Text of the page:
Our technology capabilities suggest characteristics of a user domain. The work is ongoing and benefits from frequent interactions. Distance (and even time) may separate the participants. The communication is oriented toward task accomplishment. Multiple people may be involved in interpersonal interactions that are varied and changing. The complexity of the work may require activity separation while maintaining a joint task focus. Table 1 summarizes the move from technology capabilities to work activity.
According to our characterizations of the work activity that appears most appropriate to virtual environment support, we considered a variety of work domains and the interactions and tasks in those domains. We made no attempt to identify every domain that might fit our work activity criteria but rather to find examples of such domains. A good match can provide a user-centered perspective to our work and inform the design of our technologies. In addition, a domain suitable for informing our design must be one to which we have access and that meets our definition of "business customer." In our case, we brainstormed to identify a number of different workplace environments. We then did cursory explorations (through interviews and observations) to characterize the work at each of these environments. Four potential domains are outlined here.
- Allied: A 40- to 50-member mathematics and computer science division conducting and supporting scientific research. Allied is of interest to our project because day-to-day work involves multiple people, ongoing collaborative projects, and constantly varying interactions across project groups. In addition, the Allied group is already using a LambdaMOO1 environment to support their communications .
- Bergerac: A widely distributed sales and consultancy company offering service support at client sites. We have focused on two consultants because their work involves geographic separation with a need for frequent, lightweight interactions. The consultants use both phone and e-mail for communication.
- Fusion: A scientific laboratory for conducting magnetic fusion energy experiments involving 50 to 60 scientists and technicians. Fusion involves a large number of collaborators with a tight coupling of task and communication, many of whom are geographically separate from the main control team. Face-to-face, phone, walkie-talkies, and paging all support communication but no single way exists yet to easily reach all participants.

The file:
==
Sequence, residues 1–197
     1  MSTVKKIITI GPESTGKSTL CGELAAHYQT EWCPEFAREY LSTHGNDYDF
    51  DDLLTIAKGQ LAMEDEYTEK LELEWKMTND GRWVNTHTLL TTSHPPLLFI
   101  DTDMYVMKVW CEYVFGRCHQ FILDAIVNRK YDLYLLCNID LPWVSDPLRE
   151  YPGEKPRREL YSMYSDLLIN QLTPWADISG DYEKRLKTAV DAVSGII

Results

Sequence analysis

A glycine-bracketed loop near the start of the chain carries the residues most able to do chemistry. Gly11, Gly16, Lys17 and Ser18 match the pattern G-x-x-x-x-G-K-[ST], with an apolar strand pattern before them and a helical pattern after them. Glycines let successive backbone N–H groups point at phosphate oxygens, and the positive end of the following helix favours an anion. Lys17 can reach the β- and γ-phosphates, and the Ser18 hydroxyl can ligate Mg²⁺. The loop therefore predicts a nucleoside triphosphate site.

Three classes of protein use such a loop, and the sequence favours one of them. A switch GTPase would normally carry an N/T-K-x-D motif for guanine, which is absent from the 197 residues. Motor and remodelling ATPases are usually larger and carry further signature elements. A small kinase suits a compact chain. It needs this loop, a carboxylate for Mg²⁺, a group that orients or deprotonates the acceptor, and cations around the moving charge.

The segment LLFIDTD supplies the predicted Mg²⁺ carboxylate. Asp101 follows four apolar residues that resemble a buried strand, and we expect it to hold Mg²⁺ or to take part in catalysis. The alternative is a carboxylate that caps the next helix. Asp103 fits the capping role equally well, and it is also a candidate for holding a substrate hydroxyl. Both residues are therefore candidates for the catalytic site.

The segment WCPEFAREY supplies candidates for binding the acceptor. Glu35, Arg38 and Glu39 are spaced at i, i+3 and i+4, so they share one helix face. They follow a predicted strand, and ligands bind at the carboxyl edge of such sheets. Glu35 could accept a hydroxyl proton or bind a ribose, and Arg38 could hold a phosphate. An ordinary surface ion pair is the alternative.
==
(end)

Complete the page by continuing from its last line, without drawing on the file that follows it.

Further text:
- Zytec: A middle-level management team in a large international software company. The colleagues need to coordinate regularly and frequently use a combination of e-mail, phone, and fax to keep in touch.
For each site, Table 2 outlines the work corresponding to the characteristics of particular concern to us.
We identified work domains that we felt might prove appropriate for codevelopment of virtual environments and work practice. However, Table 2 indicates that of the activities we found most matched our technology capabilities, the work practices and communication requirements of the Allied and Fusion domains are strong potential matches to the affordances of virtual environment technologies. By contrast, although Bergerac and Zytec are interesting domains to investigate in terms of their communication requirements, in our view the work practice and technology matches are not as compelling.
The work activity of the fusion site was selected for closer analysis for several reasons. Initial characterizations of this site suggested a good match between the user communication needs and the affordances of lightweight virtual environments. The large number of people involved in time-critical, task-focused information exchange and decision making makes communication an ongoing and critical component of the work activity. The dispersal of the team throughout many locations makes information sharing, particularly discussions and decisions, difficult to manage. Given this initial indication that we might have a good match, we took a closer look at a specific work activityfusion experiments.